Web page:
League of Legends Worlds Songs – From 2014 until 2020
League of Legends, one of the most popular esports in the world consists of more than just a game with a competitive league. Developer Riot Games always provides additional lore and content for fans to enjoy. Musical scores and content are a big part of the event ecosystem for LoL events.
We usually dedicate a lot of focus on the LoL Worlds Power Rankings and LoL Worlds 2020 Betting Guides. And with the all the serious action happening ahead of Worlds, its time we reminisce at the art and creativity going behind the entire League of Legends world experience.
Every year since 2014, the League of Legends World Championship has had an official theme song. Some songs were great, some were inspiring and some were downright legendary. As we await the official LoL Worlds song for the 2020 season, we provide you with a list of all the songs Riot Games used as official event anthems.
2014 – Warriors by Imagine Dragons
Popular band Imagine Dragons was a great choice for a first LoL Worlds song. Not only where they incredibly well-known outside of gamer circles, they signified a (at the time) relatively rare intersection between gamers and other types of pop culture.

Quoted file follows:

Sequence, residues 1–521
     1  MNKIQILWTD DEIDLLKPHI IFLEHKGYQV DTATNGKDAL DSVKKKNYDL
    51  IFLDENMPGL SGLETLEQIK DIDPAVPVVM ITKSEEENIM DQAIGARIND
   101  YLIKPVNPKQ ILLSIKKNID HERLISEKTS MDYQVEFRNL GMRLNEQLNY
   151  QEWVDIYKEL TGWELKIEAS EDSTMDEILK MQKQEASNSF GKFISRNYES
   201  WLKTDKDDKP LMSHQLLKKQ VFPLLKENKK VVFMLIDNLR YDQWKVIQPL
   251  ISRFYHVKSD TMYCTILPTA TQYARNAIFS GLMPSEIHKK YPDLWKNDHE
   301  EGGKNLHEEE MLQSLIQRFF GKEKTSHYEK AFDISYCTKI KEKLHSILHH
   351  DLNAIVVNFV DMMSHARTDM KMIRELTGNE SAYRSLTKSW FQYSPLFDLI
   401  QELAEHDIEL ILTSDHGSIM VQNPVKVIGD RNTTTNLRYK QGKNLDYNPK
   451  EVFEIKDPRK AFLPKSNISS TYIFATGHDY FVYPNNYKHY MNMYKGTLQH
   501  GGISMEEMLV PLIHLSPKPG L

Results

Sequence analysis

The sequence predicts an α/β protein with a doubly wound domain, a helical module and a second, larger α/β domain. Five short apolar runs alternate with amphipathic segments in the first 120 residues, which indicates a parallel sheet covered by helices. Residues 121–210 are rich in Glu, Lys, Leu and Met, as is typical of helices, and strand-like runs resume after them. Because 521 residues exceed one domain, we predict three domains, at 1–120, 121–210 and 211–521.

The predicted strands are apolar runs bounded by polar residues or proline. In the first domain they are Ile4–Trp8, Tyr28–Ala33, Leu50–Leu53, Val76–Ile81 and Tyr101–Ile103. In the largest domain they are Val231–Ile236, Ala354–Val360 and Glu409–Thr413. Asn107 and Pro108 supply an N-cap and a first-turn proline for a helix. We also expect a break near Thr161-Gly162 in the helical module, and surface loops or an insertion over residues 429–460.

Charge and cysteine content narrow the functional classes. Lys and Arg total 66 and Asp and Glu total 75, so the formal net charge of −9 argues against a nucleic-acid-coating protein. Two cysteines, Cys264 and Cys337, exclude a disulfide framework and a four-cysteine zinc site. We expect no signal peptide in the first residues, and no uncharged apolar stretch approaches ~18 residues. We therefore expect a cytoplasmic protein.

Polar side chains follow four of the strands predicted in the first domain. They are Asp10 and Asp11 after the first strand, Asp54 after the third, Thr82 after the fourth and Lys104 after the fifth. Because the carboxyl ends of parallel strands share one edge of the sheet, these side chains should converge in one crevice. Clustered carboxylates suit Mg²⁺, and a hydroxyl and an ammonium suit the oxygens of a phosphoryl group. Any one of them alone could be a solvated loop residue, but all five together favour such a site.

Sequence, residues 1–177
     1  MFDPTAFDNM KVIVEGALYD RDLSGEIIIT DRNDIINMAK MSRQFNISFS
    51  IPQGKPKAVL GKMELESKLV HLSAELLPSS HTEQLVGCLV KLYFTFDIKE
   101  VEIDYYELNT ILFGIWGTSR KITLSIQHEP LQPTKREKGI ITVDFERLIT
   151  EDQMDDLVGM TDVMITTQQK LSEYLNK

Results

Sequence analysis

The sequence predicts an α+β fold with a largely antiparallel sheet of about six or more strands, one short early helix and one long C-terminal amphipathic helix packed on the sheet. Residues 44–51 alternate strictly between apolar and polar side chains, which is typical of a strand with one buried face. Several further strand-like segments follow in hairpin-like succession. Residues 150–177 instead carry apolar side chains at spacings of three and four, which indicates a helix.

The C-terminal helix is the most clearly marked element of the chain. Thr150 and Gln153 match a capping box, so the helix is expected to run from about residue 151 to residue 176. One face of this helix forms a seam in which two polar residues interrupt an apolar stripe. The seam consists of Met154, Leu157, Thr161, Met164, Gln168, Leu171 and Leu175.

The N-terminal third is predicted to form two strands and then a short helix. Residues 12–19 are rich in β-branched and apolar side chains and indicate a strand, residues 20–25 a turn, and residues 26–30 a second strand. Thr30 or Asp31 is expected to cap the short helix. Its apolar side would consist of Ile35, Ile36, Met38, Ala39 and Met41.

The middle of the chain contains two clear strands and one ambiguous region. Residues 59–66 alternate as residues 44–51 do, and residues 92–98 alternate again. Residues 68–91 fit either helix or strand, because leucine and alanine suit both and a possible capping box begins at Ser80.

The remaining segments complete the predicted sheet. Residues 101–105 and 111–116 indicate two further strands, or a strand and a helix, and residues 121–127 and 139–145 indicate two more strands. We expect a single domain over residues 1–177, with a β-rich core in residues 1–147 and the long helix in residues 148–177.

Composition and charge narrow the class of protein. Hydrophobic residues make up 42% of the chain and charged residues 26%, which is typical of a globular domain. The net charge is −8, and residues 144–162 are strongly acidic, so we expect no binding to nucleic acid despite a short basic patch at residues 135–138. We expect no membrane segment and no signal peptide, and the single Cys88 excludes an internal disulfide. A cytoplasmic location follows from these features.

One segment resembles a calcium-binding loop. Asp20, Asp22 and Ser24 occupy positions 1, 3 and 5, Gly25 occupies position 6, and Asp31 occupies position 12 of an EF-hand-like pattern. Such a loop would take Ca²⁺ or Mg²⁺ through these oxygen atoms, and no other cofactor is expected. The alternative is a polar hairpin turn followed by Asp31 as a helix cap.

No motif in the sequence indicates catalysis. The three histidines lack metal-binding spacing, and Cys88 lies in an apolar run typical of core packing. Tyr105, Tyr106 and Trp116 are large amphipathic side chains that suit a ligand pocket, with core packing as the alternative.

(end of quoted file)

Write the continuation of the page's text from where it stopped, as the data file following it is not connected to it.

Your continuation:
Like most of the videos of the following years, an animated music video was created to compliment the song itself, featuring players on their journey from playing at home to playing on the world stage. Naturally, the song and video quickly became iconic, and the League community responded incredibly well to this release.
2015 – Worlds Collide by Nicky Taylor
This song was pivotal in many ways. It set the stage for other, non-Worlds-related musical projects from Riot, such as “Bring home the glory” or “Awakened”. Unlike Warriors and songs that followed, this one didn’t have a properly animated video. The video for it featured a floating red crystal in which different landmarks, most of them from Central Europe, reflected.
Due to its lack of proper video, the song faced some criticism, but overall the musical tone of synth mixed with bass and a female vocalist proved a solid foundation for other Riot projects like the virtual pop group K/DA that Riot unveiled in 2018.